Didn’t think I could do it! Thank you!

  • Janine Oelrich

    Bravo Robyn for this tutorial. I can’t thank you enough. Here and there a bit challenging but with your description absolutely doable. Sorry that I live so far away, the fabrics are beautiful. Thank you, thank you! Janine (from France)

  • Sherry Haun

    Thanks for a very complete tutorial. My bag is morphing into a smaller knitting bag to carry small projects (babies were a long time ago). Needless to say, I’ve redesigned the interior pockets to accommodate knitting tchochkes and can hardly wait to get started. You don’t comment on seams so I’m assuming 1/2″. Works for me. I’m also inserting a zipper not only in the top of the bag, but also into the top of the divider. Should be interesting. Thanks again for the help.

  • Sherry Haun

    Thank you for a great tutorial. My baby days are long gone so my bag will morph into a smaller version for knitting little projects such as hats or socks. I also plan to insert a zipper in the top as well as a zipper into the top of the insert. Other pockets will hold knitting tchockes. In my mind, the bag is already done.

  • Lisa Bluford

    I’ve been researching diaper bags for the last few days – I love the clean lines, the room, and all the divisions of space – love this pattern!!

  • To make a book/Bible tote, I changed the dimensions and omitted the inner divider and inner pockets. This is one I made with scraps to see if I like it. I sandwiched a piece of plastic canvas on the bottom between the exterior and interior to give it a little more support. On my next one, I think I will make the lining pieces just a little smaller than the exterior pieces for a cleaner fit. Also I’ll do a better job of trimming my seams to reduce bulk.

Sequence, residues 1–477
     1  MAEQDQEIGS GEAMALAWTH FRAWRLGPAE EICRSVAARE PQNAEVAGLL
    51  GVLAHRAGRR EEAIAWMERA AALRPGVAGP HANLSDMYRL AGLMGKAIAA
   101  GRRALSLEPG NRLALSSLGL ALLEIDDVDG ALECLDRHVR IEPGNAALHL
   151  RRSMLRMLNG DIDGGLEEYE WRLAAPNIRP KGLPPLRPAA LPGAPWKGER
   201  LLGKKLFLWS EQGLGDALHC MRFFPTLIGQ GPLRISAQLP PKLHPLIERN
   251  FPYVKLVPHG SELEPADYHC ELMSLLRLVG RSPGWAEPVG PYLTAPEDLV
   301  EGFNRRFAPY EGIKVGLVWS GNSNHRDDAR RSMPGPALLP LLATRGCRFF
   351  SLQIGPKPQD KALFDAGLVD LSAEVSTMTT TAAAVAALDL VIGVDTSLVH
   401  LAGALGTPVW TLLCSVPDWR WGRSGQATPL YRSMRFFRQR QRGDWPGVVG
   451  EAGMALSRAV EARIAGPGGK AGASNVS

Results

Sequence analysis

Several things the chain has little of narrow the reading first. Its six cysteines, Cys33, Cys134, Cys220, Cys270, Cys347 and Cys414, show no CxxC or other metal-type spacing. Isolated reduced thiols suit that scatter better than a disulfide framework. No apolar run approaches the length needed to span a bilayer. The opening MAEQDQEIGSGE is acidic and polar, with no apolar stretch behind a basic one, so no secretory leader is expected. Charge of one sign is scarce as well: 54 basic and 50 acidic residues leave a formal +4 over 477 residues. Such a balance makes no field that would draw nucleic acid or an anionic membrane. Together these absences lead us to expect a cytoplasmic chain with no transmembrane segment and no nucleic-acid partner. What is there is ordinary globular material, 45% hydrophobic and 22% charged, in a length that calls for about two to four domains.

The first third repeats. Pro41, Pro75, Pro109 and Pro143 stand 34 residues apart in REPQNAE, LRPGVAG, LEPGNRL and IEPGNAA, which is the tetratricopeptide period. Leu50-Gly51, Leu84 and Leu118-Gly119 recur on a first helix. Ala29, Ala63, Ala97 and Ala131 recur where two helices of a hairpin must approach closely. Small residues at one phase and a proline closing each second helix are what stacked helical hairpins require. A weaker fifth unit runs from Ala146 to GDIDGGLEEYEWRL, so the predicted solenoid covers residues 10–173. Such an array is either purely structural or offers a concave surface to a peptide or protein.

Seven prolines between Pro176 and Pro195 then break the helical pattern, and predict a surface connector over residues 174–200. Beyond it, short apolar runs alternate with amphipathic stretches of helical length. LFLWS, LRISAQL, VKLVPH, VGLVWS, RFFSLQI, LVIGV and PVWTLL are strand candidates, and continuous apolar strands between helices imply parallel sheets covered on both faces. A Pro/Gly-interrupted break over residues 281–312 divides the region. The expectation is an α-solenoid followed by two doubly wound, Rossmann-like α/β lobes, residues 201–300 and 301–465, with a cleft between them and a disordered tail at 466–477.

• Sonja Brown Barber

    Thanks so much for this tutorial. I made my first diaper bag as a prototype for the one I’m making my pregnant daughter. It came out so good I’m going to keep it for myself. I added a ‘wipe holder’ on the side which has an opening to take wipes out without removing the package.

  • Sonja,
    I’m glad it worked out for you! This tutorial is a lot of work. I’m impressed that you have the patience to do a trial run! Love the fabric combo.

  • Wendy Andersen

    I love this pattern. I am thinkimg I would like this as a purse, but am not sure about the size. Could you please provide the finished bags dimensions? I am pretty new to sewing and am not sure how one would change the dimensions to get a smaller bag, but have it look like this one. Any and all help is greatly appreciated.

  • Hi Wendy,
    I know it’s been a while since you wrote, and we apologize. The dimensions are about 19x12x6 (WxHxD). It’s quite large. As long as you change all widths, heights and depths equally across the pieces, you could make it smaller, but due to all the layers and thicknesses, I’m not sure you could go real small.

  • Lois Healan